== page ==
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The Prisoner (1955)

Not Rated | | Drama | 11 December 1955 (USA)
A Cardinal is arrested for treason against the state. As a Prince of his church, and a popular hero of this people, for his resistance against the Nazis during the war, and afterward his ... See full summary »

Director:

Peter Glenville

Writers:

Bridget Boland (play), Bridget Boland (screenplay)
Reviews
Nominated for 5 BAFTA Film Awards. Another 3 wins & 1 nomination. See more awards »

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Cast

Cast overview:
Alec Guinness ... The Cardinal
Jack Hawkins ... The Interrogator
Wilfrid Lawson ... The Jailer
Kenneth Griffith ... The Secretary
Jeanette Sterke ... The Girl
Ronald Lewis ... The Guard
Raymond Huntley ... The General
Mark Dignam ... The Governor
Gerard Heinz ... The Doctor
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Storyline

A Cardinal is arrested for treason against the state. As a Prince of his church, and a popular hero of this people, for his resistance against the Nazis during the war, and afterward his resistance when his country again fell to another totalitarian conqueror. In prison, his interrogator is determined to get a confession of guilt against the state from the strong willed man, and thus destroy his power over his people. The verbal and psychological battles are gripping and powerful, not even the increasing pressures put upon the Cardinal can force him to weaken, not even solitary confinement, continuous blazing light in his cell, sleeplessness, efforts to persuade him he is going mad. And yet, in the deepening conflict, the superb indomitable prisoner, creates a tremendous pity on his tormentor, the interrogator. Written by alfiehitchie

Plot Summary | Add Synopsis

Taglines:

Two of the Finest Performances of All Time! See more »

Genres:

Drama

Certificate:

Not Rated | See all certifications »
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Did You Know?

Trivia

It has been said that playing the Cardinal was a major step toward Alec Guinness converting to Catholicism. See more »

Goofs

The cardinal somehow remains clean shaven throughout, even when held in solitary confinement for weeks. He has access to cutlery (a knife and fork), but it is only brought into his cell to eat his food with, and is removed with the plates and tray etc afterwards whilst the guard watches him eat. See more »

Quotes

The Interrogator: You're an enemy of society, like the schizophrenic, of the paranoiac. You're dangerous, because you mislead the poor, the uneducated, the silly. Only because you're wrongheaded. In time, we'll get to the root of the trouble. And you can be cured.
The Cardinal: Your believe it?
The Interrogator: Yes, I do believe it.
The Cardinal: God give me cunning against your skill.
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Connections

Version of BBC Sunday-Night Play: The Prisoner (1963) See more »

User Reviews

 
THE PRISONER (Peter Glenville, 1955) ***
11 April 2009 | by Bunuel1976See all my reviews

Inspired by the plight of Catholic Cardinal Josef Mindszenty behind the Iron Curtain – already the subject of a worthwhile low-budget Hollywood film, GUILTY OF TREASON (1950; see above) – this prestigious British production (based on a Bridget Boland play, who adapts her own work for the screen) boasts two powerhouse performances by Alec Guinness (as the proud Prince of the Church) and Jack Hawkins (as the wily Interrogator). Their interaction is a beauty to behold and one cannot help but be reminded how these formidable actors had already worked together in, curiously enough, MALTA STORY (1953) and, of course, would go on to do so again under David Lean's Oscar-winning direction in THE BRIDGE ON THE RIVER KWAI (1957) and LAWRENCE OF ARABIA (1962). Although much of the running time is devoted to their rigorous one-on-one sessions (enough for it to be deemed a two-hander), the film allows (at least) another fine actor to shine: Wilfred Lawson as Guinness' jailer who grows to respect his prisoner with time. The small cast also includes Kenneth Griffith as Hawkins' eager-to-learn subordinate – incidentally, the latter also appeared in two episodes of Patrick McGoohan's later cult TV series of the same name but which bore no relation to this movie! – and Raymond Huntley as Hawkins' impatient superior. Conversely, the romantic subplot between doubting Communist Ronald Lewis and his Catholic girlfriend Jeanette Sterke seems forced and intrusive – almost like an afterthought (whereas it had been far more effectively handled in the aforementioned Hollywood treatment). But, as I said before, the film's trump card is its gradual depiction of the evolving relationship between the two leads, which really has no equivalent in GUILTY OF TREASON (where Charles Bickford's tormentors were various and generally shrouded in darkness). Although the main characters and the setting remain unnamed throughout (lending it a pretentious air of political allegory also missing from the earlier film), the controversial subject of THE PRISONER got it banned from participating in both the Cannes and Venice Film Festivals – although it did get nominated for 5 BAFTAs and, eventually, won a couple of other international awards.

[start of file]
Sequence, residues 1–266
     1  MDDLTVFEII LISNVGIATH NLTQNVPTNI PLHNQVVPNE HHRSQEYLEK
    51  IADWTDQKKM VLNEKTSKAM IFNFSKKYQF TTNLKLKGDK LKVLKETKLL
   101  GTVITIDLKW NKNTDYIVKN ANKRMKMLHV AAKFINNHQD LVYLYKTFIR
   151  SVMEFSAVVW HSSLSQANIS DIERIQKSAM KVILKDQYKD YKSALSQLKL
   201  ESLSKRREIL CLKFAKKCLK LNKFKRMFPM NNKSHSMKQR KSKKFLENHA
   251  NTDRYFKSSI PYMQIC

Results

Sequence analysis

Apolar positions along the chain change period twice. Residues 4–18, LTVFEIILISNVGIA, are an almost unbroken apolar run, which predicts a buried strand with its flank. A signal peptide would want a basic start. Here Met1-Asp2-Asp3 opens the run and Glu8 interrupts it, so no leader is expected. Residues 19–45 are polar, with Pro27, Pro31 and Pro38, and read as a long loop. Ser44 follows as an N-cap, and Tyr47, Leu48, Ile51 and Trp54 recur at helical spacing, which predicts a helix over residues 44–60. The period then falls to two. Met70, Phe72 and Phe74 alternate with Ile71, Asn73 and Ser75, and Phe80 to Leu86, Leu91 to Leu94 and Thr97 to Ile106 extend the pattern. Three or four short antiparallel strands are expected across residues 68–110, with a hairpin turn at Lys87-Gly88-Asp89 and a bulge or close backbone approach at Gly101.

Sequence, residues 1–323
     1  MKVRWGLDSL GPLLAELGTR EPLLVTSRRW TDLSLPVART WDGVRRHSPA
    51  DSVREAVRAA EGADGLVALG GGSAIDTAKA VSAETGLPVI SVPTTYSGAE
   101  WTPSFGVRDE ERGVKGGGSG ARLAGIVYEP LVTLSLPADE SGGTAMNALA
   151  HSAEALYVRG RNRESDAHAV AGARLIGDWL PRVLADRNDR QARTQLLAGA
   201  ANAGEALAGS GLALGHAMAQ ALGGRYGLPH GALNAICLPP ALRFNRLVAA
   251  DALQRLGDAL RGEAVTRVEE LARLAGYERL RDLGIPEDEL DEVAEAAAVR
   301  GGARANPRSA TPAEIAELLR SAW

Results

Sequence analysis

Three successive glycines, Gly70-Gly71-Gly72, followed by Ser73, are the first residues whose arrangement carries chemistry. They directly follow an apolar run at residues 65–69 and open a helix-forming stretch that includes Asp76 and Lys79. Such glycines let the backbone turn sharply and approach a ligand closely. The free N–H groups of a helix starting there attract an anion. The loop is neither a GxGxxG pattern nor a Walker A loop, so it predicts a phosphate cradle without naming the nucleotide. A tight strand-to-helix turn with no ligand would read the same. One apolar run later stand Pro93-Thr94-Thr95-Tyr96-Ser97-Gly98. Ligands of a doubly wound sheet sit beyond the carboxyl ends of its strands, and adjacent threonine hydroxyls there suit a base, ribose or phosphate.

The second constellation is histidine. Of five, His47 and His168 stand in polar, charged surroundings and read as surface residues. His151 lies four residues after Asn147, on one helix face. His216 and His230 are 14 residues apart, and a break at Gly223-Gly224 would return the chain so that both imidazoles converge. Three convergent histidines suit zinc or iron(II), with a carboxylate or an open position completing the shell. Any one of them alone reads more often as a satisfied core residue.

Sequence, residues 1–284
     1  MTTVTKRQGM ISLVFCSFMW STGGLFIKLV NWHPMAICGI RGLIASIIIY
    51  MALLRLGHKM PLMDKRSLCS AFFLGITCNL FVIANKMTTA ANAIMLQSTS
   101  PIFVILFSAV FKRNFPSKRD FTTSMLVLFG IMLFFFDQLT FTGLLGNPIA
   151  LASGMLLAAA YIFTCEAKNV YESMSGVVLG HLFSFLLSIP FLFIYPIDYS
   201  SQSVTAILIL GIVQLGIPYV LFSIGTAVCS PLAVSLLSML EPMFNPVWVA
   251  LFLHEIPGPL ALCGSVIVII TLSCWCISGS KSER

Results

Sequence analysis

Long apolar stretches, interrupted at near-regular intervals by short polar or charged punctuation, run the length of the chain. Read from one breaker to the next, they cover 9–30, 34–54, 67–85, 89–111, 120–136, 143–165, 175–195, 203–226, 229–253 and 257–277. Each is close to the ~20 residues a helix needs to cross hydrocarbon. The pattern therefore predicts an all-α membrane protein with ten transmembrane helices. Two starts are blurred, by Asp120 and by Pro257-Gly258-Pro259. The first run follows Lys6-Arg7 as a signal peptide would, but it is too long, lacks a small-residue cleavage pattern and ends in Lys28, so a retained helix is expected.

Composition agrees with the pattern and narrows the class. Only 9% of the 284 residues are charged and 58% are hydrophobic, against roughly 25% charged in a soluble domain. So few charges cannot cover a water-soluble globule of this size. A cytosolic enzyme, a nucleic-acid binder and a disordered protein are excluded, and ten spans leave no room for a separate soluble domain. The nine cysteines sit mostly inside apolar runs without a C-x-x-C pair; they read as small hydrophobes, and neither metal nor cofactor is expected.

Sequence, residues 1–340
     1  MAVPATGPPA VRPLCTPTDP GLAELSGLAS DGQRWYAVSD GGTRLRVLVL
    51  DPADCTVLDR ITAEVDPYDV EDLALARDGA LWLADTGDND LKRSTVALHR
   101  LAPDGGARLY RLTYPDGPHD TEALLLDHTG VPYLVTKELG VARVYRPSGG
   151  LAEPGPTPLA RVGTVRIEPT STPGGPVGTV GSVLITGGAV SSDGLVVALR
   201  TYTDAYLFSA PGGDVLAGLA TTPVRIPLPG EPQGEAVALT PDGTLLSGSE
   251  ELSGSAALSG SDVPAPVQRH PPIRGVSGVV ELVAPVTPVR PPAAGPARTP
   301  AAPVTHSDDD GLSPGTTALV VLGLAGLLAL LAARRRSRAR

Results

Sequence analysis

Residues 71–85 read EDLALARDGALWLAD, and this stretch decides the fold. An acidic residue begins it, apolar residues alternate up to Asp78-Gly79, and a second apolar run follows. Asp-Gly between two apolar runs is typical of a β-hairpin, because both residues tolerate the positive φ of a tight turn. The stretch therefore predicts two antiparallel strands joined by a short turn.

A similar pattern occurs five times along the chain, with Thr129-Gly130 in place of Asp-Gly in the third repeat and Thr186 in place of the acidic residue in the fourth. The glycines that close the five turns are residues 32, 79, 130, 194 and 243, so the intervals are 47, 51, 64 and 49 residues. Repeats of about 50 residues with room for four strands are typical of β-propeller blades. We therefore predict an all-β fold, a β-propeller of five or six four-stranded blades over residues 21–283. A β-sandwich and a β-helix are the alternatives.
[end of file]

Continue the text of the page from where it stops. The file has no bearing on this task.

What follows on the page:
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Details

Country:

UK

Language:

English

Release Date:

11 December 1955 (USA) See more »

Also Known As:

Der Gefangene See more »

Company Credits

Show more on IMDbPro »

Technical Specs

Sound Mix:

Mono (Western Electric Recording)

Aspect Ratio:

1.85 : 1
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